How did we let this happen?
We, the moussed, Reeboked beneficiaries of the Great Experiment with cell phones plastered to our ears as we drive high performance, less fuel-efficient cars, have somehow let it all get away.
The "It" to which I'm referring is the now-risible, overarching rationale that guided the Declaration of Independence, the one that stated that all men are created equal. The mystery is not how and why we could let that principle be forgotten but how we could've been so gullible as to believe in it for going on three centuries.
Even a cursory look at American history, particularly labor and civil rights history, will inform one that far from being open to new ideas, championing labor and being spiritually vested with improving the quality of life for all Americans, the United States has consistently been a nation motivated by greed and maintaining the status quo even to the point of murdering our fellow Americans to that end.
The inequality and vicious attempts to maintain a tilted status quo began long before the Bread and Roses Strike
that began exactly a century ago this month in nearby Lawrence, Massachusetts. Coming less than a year after the Triangle Shirtwaist Fire in New York City that killed almost 150 men, women and children, the brutality of the mills toward its workers was eventually spotlighted by Congressional investigations, exposure from the press and increasing political pressure from trade unions.
Literally gallons of ink and blood have been respectively spilled by worthy minds and worthy bodies explicating causes and effects, pros and cons and ramifications of why things need or don't need to change. But this facet of human nature does not need too fine a point put on it. And when you fully unpack the whole messy argument it boils down to one simple, atavistic imperative: When people derive good fortune in one way or another, they #1 do not wish to share it with a segment of society they deem unworthy and #2 they wish to keep things that way. (It's no wonder that, according to a recent OECD finding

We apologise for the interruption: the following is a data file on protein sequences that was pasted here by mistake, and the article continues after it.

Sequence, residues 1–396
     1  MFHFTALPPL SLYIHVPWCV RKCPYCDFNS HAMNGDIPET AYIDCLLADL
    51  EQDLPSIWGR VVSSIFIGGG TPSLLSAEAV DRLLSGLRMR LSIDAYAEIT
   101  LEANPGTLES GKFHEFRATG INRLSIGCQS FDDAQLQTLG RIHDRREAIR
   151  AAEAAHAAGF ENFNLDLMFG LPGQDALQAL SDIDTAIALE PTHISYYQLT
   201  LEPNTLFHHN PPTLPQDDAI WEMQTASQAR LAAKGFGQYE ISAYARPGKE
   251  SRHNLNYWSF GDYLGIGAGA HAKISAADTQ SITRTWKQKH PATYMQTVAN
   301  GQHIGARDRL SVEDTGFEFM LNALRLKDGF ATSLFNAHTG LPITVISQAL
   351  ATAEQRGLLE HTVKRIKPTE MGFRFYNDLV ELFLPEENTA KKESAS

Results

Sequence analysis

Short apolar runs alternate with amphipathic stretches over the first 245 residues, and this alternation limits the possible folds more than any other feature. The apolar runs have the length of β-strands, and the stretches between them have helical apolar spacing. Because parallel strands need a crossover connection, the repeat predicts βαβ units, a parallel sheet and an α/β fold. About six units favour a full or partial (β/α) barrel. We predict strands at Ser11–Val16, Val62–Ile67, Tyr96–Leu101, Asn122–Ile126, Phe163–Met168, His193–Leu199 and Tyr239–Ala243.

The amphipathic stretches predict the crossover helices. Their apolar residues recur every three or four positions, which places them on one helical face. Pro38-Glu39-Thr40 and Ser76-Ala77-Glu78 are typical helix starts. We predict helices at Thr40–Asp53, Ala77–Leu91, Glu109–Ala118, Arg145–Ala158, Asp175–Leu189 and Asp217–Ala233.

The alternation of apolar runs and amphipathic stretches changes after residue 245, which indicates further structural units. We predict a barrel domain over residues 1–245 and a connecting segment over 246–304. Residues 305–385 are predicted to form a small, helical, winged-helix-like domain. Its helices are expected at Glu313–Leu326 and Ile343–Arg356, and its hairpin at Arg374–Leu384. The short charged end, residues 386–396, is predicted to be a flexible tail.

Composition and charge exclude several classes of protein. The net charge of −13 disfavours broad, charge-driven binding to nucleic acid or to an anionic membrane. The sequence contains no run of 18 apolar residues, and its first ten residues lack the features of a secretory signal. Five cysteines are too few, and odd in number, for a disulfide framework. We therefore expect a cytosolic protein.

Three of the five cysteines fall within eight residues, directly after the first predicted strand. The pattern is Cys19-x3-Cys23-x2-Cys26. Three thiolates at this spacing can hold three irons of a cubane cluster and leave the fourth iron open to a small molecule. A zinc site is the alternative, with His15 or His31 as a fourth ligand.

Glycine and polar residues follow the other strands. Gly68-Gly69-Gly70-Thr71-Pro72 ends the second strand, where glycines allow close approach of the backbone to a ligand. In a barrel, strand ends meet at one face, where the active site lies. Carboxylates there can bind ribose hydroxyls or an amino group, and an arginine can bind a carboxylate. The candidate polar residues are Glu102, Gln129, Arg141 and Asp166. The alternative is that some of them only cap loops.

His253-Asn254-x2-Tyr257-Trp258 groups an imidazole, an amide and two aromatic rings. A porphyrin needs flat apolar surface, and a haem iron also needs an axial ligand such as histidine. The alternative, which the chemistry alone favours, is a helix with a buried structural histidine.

, America ranks 27th overall out of 31 nations in social justice.)
This has been a hallmark of human civilization perhaps since the days we lived in caves and fought each other over prime hunting and watering grounds. And the infallible human instinct of equating social standing with ill-gotten wealth derived at the expense of the happiness, opportunity and wellbeing of others, wealth that cannot be taken through this vale of tears and imported to the next, is a timeless story.
And among the perennially greedy landed gentry, virtually the only way to penetrate that veneer of culture and ossified humanity and to get a primal, visceral reaction from these people, for want of a better word, is to threaten their wealth and status quo. Fascism, which is partly characterized by a complicity with private industry, will never be as controversial with the working class and especially not with the wealthy for the simple reason that it doesn't threaten the interests of those who have access to the military and paramilitary power that's needed to maintain a semblance of civil order. Socialism will always be controversial because it threatens to take all that away.
Greed and selfishness will always be defining characteristics of human society and as long as we keep reproducing, despite our best attempts at nurturing, we will always produce children that will grow up to be exactly the same kind of sociopaths and psychopaths that we now see running Wall Street and Capitol Hill.
But these past couple of years, we've seen a difference. Far from seeing the status quo merely defended with police and military intervention and through propaganda campaigns, we've actually witnessed an incalculably vicious reaction that has produced a regression
in the policies, principles and laws that helped us emerge from a feudal state in the 19th century into the more equitable, civilized industrialized superpower that we'd become.
As with Europe in the Middle Ages, early 20th century America thrived under a middle class that was largely if not entirely enabled by trade unions both public and private. With unions (or guilds, as they were known in the Middle Ages) came more equitably shared wealth and political power that rivaled that of the church and state. And yet, despite the fact that the 80 year-odd experiment with an actual middle class was an unqualified success story, we've seen a very successful move to actually push the United States back into the feudal/serf state it was before the rise of the union movement about a century ago.